The legislation launched to tighten up on the way organisations collect, store and use personal data appears to be having a substantial impact, according to recent reports. The Information Commissioners Office (ICO) has announced that since the EU GDPR went live in May, there has been a sizeable upturn in identifying and reporting data breaches.

The ICO says it has logged 205 privacy complaints connected to the General Data Protection Regulation. Overall complaints it has received are up 75% when compared to last year (source:

However, more whistleblowing doesn’t mean that UK consumers can rest easy. Among the major brands whose data problems have been exposed since the GDPR became official are Dixons Carphone and Ticketmaster.

First failure post-GDPR

Perhaps the most shocking was Dixons Carphone, which trades under names which include Carphone Warehouse, Currys, PC World and Dixons Travel. Not only were their two cyber crime incidents on a grand scale, the company also had to admit to them within days of the GDPR going live.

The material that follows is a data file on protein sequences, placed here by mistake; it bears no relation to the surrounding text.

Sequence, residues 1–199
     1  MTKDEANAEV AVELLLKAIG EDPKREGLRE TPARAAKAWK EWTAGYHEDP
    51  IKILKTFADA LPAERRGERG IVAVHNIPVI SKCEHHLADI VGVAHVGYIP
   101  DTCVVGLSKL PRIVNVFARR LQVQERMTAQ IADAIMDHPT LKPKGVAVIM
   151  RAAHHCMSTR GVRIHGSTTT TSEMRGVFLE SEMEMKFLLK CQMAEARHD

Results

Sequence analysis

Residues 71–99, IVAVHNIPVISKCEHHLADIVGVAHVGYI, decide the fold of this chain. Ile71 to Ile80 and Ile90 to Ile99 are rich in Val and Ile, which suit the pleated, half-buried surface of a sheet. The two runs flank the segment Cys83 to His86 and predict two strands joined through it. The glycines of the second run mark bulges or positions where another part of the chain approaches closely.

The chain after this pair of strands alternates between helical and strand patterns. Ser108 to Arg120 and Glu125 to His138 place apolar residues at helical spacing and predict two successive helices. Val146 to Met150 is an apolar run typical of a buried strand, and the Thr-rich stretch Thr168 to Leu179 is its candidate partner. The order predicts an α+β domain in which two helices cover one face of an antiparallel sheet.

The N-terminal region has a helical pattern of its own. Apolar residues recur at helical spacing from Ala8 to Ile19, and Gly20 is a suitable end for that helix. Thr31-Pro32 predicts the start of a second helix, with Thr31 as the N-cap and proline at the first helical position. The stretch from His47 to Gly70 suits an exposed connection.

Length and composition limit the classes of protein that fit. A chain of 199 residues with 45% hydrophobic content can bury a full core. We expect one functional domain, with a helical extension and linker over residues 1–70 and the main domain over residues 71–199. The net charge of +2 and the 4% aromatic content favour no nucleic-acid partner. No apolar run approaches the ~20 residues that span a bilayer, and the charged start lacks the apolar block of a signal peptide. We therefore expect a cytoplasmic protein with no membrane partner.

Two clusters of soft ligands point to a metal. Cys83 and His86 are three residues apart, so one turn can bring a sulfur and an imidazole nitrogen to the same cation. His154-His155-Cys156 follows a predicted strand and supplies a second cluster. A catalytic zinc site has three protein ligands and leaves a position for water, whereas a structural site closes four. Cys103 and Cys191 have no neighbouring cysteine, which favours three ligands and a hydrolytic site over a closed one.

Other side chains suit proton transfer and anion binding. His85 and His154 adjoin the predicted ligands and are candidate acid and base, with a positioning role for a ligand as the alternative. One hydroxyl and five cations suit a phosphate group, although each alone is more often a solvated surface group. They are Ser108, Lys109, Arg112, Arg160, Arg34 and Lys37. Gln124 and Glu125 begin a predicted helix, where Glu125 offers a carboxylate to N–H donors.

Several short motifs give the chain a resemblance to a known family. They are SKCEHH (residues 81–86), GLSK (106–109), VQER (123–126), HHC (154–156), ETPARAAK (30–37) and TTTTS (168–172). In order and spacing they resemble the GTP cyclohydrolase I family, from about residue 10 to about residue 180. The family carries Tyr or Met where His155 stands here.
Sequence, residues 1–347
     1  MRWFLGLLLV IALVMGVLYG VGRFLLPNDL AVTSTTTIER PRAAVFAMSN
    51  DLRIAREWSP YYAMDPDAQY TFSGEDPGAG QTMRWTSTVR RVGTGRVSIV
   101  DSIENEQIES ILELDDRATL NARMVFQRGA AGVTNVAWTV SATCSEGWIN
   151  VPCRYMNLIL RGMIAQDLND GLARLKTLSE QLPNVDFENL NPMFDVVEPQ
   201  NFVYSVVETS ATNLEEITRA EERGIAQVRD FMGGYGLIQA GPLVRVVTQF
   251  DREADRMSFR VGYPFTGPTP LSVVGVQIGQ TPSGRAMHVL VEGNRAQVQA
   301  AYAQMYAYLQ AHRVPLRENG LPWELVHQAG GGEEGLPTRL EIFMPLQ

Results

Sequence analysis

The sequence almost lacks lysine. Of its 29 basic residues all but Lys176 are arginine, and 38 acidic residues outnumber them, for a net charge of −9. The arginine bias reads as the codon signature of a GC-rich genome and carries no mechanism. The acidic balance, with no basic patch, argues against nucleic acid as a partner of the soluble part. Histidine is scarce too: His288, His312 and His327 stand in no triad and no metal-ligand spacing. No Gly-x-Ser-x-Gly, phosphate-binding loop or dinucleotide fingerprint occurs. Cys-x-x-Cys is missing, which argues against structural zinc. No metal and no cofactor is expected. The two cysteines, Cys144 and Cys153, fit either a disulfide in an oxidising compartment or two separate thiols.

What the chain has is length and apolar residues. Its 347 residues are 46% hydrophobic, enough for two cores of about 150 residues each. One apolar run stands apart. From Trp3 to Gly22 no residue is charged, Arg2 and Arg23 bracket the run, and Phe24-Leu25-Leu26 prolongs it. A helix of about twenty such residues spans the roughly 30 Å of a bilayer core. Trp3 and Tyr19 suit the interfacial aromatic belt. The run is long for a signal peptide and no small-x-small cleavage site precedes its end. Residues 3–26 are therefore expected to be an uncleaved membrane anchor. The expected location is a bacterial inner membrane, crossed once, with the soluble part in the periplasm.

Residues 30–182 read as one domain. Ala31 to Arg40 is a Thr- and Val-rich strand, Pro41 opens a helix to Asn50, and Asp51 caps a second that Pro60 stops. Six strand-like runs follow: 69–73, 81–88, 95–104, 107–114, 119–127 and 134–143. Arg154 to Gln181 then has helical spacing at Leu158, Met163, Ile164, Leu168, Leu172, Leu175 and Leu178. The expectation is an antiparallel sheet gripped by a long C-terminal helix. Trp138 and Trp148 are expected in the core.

The electronics retailer had to report the theft of around 1.2 million user data files. This meant that a catastrophic 5.9 million card details were exposed. Fortunately, this was balanced by the fact that the most sensitive card details were protected, making it impossible for large scale fraud to occur.

Ticketmaster data breach

Ticketmaster has also been forced to admit a data breach. The ticket seller discovered that malware had been used against a third-party vendor. This meant that records on 40,000 customers – including card details – had fallen into the hands of hackers.

There is a belief that Ticketmaster is set to be the first company to experience the full force of GDPR penalties. The legislation carries fines of up to 4% of global turnover or £17m, whichever is larger.

Get the right help

If nothing else, these two high profile cases prove that GDPR – and the work companies must do to become compliant – is not in itself a solution. Cyber security and managing data privacy and security have been described as a journey, not a destination.

This is why Y2X is training veterans to transition from the military to become data management experts. They can use their specialist skills and experience to be part of the continuing battle against ever more sophisticated cyber criminals.